Frozen Planet with David Attenborough next to a polar bear in 2011. Filmmakers admitted after the show aired that some scenes were shot in a Dutch zoo and included fake snow

Shots of a polar bear den, showing a mother tending to her cubs was actually shot in a zoo in the Netherlands and not the wild

‘Especially mothers with their pups. And at this particular site, once the beach below the cliffs was full, they spread out and up the cliffs and were unable to find their way safely down, with tragic consequences.’

During the scene in Our Planet, Sir David said: ‘A walrus’ eyesight out of water is poor.

‘But they can sense the others down below. As they get hungry, they need to return to the sea.

‘In their desperation to do so, hundreds fall from heights they should never have scaled.’

Previous David Attenborough-narrated shows accused of faking wildlife footage

Preparing for the new arrivals: The fake nest being built in a Dutch zoo, ahead of the birth of the polar bear cubs

Dramatic footage of a polar bear tending to her newborn cubs in the 2011 BBC show Frozen Planet was actually filmed in a Dutch zoo using fake snow.

The tiny bears were shown mewling at their mother and nuzzling her for milk.

Eight million viewers were led to believe the scene had been captured by BBC cameramen inside an underground cave in the brutal sub-zero temperatures of the Arctic wilderness.

But the footage which was interspersed with real shots of the Arctic, was in fact filmed in a den made of plaster and wood in a wildlife enclosure.

At the time Sir David defended the methods used by Frozen Planet, saying: ‘If you had tried to put a camera in the wild in a polar bear den, she would either have killed the cub or the cameraman.’

The six years later, Blue Planet II also had to defend its use of studio footage filmed in laboratories.

Unlike in Frozen Planet, the Blue Planet team would not tell viewers which scenes were filmed in a studio.

The BBC’s Natural History Unit was also criticised for filming footage in zoos rather than in the natural world.

Walruses are among the top Arctic species feeling the effects of climate change as they rely heavily on sea ice to rest between hunts.

As the ice shrinks, more and more are coming onto shore, according to the WWF.

In addition to unfamiliar and dangerous terrain, ‘on land, they’re highly susceptible to disturbance from humans, aircraft or predators such as polar bears, which can spook them and cause crushing stampedes,’ according to the WWF.

In the disturbing footage walruses could be seen perched precariously on the edge of the rocky cliffs, unaware of just how high up they are. They then fell below, amid bodies and other living walruses

The pair of two-day-old polar bear cubs shown on the Frozen Planet documentary in 2011. At this age they weighed less than a kilo, but were filmed in a zoo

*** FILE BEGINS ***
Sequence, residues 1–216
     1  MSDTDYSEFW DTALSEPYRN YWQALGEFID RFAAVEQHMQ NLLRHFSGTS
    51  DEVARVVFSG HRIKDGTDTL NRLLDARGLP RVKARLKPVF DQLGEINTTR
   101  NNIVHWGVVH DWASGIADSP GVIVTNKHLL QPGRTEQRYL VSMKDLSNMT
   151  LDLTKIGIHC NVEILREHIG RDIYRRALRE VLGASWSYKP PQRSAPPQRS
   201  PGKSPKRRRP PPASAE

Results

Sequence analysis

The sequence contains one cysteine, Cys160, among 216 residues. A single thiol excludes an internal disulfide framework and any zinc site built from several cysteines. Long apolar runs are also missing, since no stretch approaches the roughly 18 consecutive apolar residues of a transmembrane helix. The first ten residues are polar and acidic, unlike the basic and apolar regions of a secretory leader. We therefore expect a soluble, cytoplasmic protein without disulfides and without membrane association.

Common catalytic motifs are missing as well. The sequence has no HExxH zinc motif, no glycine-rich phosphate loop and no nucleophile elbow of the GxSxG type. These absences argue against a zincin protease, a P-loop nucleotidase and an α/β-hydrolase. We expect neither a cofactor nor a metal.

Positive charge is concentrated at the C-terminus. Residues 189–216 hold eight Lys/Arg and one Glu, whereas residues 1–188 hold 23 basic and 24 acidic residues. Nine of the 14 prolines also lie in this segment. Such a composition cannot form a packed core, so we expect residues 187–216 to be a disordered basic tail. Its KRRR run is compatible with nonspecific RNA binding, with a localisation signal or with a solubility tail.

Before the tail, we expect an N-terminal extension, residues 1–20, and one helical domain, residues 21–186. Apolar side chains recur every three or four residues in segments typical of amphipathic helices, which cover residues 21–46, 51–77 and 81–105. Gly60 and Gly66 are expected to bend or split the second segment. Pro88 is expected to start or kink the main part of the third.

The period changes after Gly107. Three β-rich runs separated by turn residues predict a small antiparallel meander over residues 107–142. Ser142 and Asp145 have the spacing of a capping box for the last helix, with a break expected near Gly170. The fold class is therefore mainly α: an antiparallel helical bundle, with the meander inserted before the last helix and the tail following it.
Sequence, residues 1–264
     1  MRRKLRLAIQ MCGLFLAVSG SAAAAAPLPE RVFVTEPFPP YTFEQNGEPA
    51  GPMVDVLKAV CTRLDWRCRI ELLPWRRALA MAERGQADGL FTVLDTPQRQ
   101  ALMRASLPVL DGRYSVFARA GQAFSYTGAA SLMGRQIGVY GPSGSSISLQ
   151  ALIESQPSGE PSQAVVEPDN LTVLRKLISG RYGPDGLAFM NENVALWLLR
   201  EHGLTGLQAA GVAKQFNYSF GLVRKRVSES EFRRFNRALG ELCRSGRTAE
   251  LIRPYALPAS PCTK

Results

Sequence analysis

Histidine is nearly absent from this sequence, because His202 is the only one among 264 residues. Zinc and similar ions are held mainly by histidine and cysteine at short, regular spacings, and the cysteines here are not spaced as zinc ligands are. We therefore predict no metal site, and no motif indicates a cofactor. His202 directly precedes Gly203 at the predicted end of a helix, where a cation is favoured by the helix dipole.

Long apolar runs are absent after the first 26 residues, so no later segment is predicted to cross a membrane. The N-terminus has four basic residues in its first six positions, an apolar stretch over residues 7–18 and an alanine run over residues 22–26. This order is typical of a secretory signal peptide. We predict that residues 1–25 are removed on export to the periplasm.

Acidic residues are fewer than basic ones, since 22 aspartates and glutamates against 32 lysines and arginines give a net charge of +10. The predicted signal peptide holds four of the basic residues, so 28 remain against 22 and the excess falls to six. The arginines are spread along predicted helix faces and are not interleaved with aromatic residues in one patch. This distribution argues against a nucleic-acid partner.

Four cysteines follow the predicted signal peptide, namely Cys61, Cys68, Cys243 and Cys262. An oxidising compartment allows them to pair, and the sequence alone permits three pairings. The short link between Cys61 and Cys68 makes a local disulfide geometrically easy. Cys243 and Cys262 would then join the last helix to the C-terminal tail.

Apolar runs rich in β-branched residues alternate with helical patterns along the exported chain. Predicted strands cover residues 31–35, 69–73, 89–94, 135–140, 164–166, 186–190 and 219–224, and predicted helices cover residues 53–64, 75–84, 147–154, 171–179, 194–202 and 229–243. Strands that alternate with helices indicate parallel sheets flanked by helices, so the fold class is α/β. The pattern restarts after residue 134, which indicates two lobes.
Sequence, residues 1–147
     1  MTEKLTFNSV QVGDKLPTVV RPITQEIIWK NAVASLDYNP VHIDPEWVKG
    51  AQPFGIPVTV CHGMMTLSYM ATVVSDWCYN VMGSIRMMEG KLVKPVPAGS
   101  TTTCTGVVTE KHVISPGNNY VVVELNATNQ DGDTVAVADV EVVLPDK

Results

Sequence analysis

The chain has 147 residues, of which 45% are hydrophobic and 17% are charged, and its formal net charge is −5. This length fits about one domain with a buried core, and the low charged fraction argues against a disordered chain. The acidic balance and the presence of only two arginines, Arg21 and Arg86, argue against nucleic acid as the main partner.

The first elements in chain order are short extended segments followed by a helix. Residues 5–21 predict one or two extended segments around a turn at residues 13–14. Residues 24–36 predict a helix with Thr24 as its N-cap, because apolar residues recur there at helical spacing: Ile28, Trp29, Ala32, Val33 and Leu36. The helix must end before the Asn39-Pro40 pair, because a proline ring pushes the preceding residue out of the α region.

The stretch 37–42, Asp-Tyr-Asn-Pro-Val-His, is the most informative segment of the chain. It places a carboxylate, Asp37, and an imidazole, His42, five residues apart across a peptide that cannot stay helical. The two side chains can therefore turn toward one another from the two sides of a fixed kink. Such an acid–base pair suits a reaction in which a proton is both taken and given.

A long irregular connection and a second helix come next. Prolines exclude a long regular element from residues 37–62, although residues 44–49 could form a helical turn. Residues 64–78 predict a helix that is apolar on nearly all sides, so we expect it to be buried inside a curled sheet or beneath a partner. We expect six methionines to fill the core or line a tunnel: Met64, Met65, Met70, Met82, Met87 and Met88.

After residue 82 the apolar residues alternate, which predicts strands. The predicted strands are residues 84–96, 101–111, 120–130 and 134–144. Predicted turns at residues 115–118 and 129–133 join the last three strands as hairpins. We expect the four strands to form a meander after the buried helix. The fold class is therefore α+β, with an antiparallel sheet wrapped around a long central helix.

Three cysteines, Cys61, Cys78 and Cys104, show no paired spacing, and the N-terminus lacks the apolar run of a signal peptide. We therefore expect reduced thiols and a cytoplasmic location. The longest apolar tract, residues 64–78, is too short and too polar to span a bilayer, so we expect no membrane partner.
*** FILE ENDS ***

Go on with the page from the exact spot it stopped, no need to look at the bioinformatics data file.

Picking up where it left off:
Members of the BBC Frozen Planet team with Sir David Attenborough and a polar bear during the 2011 series

These massive marine mammals also give birth on sea ice, and turn to the ice edges to mate.

Sea ice also provides crucial shelter from storms and predators, according to an NOAA report.

While the loss of sea ice may not drive them to extinction, scientists say it will have devastating impacts on their population.

‘It is certain that land-based sites alone will not support the same number of walruses that the mixed seasonal use of sea ice and land has permitted in the past,’ scientists wrote in a 2015 study.

‘Additionally, documented declines in the northern Bering Sea among dominant clam populations that are critical prey for walruses, associated with reductions in sea ice declines, provide cause for concern; such ecosystem changes are clearly important for walruses and other animals.’



The amount of Arctic sea ice peaks around March as winter comes to a close.

NASA recently announced that the maximum amount of sea ice this year was low, following three other record-low measurements taken in 2015, 2016 and 2017.

This can lead to a number of negative effects that impact climate, weather patterns, plant and animal life and indigenous human communities.

The amount of sea ice in the Arctic is declining, and this has dangerous consequences, NASA says

Additionally, the disappearing ice can alter shipping routes and affect coastal erosion and ocean circulation.

NASA researcher Claire Parkinson said: ‘The Arctic sea ice cover continues to be in a decreasing trend and this is connected to the ongoing warming of the Arctic.

‘It’s a two-way street: the warming means less ice is going to form and more ice is going to melt, but, also, because there’s less ice, less of the sun’s incident solar radiation is reflected off, and this contributes to the warming.’